Post-Conflict Property Restitution: Flawed Legal and Theoretical Foundations
Berkeley Journal of International Law (BJIL), Vol. 28, No. 2, 2010
36 Pages Posted: 13 Oct 2016
Date Written: 2010
The international community has recently hailed the restoration of property rights for people uprooted by armed conflict as a means of remedying forced displacement. Proponents of property restitution assert that this remedy can enhance the rule of law in a post-conflict society by promoting reconciliation and bolstering economic and social stability. A United Nations (U.N.) subcommission has endorsed a set of legal and technical guidelines for constructing a property restitution scheme. While other authors have written in support of this plan and a general right to property restitution, this Article represents a critical analysis of the remedy, pointing to weaknesses in its legal and theoretical foundations.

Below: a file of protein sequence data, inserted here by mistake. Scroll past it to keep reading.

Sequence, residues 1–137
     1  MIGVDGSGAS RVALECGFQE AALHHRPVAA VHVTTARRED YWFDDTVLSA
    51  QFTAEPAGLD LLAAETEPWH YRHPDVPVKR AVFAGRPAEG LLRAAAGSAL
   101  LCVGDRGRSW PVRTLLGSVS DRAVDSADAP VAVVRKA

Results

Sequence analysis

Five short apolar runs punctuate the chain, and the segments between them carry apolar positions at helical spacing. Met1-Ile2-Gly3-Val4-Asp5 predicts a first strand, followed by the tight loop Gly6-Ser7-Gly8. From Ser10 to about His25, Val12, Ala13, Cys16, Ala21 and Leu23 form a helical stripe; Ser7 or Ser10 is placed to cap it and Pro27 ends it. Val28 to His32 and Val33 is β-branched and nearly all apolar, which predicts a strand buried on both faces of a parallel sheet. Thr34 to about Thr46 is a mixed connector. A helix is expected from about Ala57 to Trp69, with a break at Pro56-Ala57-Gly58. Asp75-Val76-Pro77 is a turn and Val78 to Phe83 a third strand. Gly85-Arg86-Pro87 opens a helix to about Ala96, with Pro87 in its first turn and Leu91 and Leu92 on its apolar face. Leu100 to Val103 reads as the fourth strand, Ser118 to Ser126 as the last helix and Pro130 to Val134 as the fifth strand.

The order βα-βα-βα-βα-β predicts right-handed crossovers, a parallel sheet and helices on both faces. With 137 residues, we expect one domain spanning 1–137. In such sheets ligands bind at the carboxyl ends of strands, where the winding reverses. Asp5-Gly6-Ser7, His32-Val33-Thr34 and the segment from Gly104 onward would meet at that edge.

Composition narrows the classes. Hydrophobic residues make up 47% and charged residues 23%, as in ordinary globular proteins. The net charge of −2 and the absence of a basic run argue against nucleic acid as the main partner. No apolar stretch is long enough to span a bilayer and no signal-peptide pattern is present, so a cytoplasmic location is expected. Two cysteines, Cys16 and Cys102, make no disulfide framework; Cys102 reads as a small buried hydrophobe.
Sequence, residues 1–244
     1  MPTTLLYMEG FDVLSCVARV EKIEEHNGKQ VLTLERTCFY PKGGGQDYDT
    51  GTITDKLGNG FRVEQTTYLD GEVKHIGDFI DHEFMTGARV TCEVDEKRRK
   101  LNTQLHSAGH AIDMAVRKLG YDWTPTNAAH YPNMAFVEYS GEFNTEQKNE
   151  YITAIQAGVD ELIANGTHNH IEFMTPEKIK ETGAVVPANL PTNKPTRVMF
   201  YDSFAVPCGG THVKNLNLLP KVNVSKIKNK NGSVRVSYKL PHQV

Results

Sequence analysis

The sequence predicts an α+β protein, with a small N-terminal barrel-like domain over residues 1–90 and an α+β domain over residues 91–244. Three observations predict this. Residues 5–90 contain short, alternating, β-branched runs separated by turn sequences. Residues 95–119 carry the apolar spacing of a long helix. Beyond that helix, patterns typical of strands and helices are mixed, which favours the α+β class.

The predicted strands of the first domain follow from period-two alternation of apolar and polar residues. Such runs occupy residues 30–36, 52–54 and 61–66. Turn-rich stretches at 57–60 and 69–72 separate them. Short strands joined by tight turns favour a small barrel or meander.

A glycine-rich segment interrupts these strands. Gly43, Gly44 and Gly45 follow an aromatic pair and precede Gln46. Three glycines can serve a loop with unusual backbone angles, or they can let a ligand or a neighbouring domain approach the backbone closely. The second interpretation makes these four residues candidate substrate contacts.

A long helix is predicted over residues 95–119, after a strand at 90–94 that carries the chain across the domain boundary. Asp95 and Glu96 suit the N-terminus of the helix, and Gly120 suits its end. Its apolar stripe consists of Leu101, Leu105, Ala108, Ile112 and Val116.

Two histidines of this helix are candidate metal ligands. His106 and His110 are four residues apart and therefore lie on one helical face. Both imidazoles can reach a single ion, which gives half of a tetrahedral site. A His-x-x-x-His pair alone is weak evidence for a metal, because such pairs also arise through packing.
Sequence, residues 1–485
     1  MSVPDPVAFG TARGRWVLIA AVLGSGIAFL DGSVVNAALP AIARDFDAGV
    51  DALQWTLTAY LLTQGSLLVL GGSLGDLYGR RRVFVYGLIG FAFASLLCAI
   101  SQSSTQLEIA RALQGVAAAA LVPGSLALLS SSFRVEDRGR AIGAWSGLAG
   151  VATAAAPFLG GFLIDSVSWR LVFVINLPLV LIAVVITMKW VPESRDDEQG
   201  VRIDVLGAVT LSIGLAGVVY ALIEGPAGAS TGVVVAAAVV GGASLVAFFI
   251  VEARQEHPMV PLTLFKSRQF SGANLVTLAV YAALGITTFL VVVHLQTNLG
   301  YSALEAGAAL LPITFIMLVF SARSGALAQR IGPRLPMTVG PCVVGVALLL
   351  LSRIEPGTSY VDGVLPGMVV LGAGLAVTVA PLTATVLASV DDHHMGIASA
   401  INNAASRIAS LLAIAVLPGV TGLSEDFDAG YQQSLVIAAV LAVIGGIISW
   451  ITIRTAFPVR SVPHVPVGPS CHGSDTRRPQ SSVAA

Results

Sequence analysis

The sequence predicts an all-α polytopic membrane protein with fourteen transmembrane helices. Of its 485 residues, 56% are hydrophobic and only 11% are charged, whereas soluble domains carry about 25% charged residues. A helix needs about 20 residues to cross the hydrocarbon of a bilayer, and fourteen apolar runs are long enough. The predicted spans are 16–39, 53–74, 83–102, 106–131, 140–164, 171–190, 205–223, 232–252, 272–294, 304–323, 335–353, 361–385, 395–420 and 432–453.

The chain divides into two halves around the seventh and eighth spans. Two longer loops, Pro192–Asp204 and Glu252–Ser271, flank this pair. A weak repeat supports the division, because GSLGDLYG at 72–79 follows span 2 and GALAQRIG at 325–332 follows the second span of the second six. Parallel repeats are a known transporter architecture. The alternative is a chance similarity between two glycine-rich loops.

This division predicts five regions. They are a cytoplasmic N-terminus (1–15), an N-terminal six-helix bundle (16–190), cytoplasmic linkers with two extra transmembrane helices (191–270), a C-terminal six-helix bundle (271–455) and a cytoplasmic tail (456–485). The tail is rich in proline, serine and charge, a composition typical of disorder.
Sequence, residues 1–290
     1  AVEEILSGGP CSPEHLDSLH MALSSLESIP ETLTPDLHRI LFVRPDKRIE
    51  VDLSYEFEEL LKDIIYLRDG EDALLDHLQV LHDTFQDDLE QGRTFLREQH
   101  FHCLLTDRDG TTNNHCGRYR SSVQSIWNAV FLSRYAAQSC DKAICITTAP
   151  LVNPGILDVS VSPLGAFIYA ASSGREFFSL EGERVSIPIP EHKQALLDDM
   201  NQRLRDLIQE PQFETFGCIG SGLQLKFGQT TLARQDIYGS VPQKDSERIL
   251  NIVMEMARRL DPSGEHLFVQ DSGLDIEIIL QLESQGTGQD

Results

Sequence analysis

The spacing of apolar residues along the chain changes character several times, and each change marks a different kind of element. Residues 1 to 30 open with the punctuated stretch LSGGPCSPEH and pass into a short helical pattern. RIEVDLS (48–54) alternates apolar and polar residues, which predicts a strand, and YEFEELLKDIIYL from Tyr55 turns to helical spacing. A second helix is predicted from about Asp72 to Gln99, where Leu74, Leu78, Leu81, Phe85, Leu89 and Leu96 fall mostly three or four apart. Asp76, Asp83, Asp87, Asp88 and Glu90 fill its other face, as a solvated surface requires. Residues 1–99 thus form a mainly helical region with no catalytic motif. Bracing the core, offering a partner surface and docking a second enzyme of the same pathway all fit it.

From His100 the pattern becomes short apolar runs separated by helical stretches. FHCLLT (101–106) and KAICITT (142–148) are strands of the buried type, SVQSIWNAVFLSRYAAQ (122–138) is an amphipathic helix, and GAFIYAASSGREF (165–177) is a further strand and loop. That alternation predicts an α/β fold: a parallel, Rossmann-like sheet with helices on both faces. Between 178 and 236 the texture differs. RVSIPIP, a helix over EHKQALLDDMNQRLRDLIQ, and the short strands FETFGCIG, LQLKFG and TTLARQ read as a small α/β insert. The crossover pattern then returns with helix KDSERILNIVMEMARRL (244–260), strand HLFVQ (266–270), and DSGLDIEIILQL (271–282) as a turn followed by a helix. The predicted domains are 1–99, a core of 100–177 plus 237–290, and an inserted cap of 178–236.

The current emphasis on property restitution is similar to past efforts of the United States and other Western nations to promote the rule of law and economic development through exporting an instrumentalist model of law. Just as these well-intentioned "law and development" efforts were plagued by unforeseen, deleterious consequences, so too might the export of property restitution laws and processes suffer from ill side effects. This Article identifies some of the possible unintentional outcomes of property restitution, including, ironically, that the U.N.'s property restitution scheme may ultimately undermine development of the rule of law. The Article seeks to spur further debate on the merits of property restitution so that unintended consequences might be avoided and the remedies to forced displacement can be strengthened to meet the needs of refugees and internally displaced people.
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